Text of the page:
Stabilizers You Need and Hooping Techniques to Know

Stabilizing and Hooping Techniques

Hello embroidery enthusiasts! This month we will be exploring techniques for stabilizing and hooping for embroidery materials and embroidery projects. There are many different kinds of stabilizers, and many can be used in multiple ways. In this article, I hope that you will gain an understanding of what stabilizers are, discover why they are so important, and make sense of which stabilizer to use for the embroidery that you want to do!

Why Stabilize?

Tearaway Stabilizer

The picture above displays a roll of Medium Weight Firm Teraway Stabilizer.

Stabilizing is the foundation of embroidery. You will need to have a selection of Cutaway, Tearaway, and Wash Away stabilizers on hand to create various types of embroidery projects. The job of the stabilizer is to support the fabric or material that you are stitching onto AND to provide a great structure so that the rapid needle penetrations create stitches that are smooth, well defined, and secure in your project. Since the embroidery machine is doing a lot of the hard work of decorating for us, we need to choose a stabilizer that can help us get the best end result. There are lots of different ways to stabilize various garments, fabrics, and other projects, but my general rule of thumb is to use a stabilizer that preserves the drape and feel of the original material while providing perfect stitch support during the embroidery process.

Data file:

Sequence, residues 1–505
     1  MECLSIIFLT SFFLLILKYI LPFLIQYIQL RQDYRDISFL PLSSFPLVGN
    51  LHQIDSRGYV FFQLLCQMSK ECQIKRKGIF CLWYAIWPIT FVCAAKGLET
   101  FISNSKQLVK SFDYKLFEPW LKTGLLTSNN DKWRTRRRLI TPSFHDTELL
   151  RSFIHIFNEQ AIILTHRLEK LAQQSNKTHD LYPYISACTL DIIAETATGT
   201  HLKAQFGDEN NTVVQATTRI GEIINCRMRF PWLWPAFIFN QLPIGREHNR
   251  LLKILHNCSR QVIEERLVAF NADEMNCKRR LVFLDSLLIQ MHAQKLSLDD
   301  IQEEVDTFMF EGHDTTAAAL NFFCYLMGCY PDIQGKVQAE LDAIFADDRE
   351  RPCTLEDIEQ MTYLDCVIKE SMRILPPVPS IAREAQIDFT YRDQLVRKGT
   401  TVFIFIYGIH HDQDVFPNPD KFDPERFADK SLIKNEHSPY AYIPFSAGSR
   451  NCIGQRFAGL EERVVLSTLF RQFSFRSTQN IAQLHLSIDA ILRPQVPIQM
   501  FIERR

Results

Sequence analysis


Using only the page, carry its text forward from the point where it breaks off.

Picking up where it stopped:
I’ve got a Stabilizer Cheat Sheet for you to download to get you started, but if you will practice with different stabilizers, you will get a feel for what works and what doesn’t for the kind of embroidery you want to do. As in quilting, there are really no embroidery police, and if your technique WORKS and stands up to the kind of use that your project will encounter, then that’s the right stabilizer for the job.

Backings and Toppers

Grome's Stabilizers

The picture above shows the current display of stabilizers available at Grome's Sewing Machine Company in Universal City, Texas.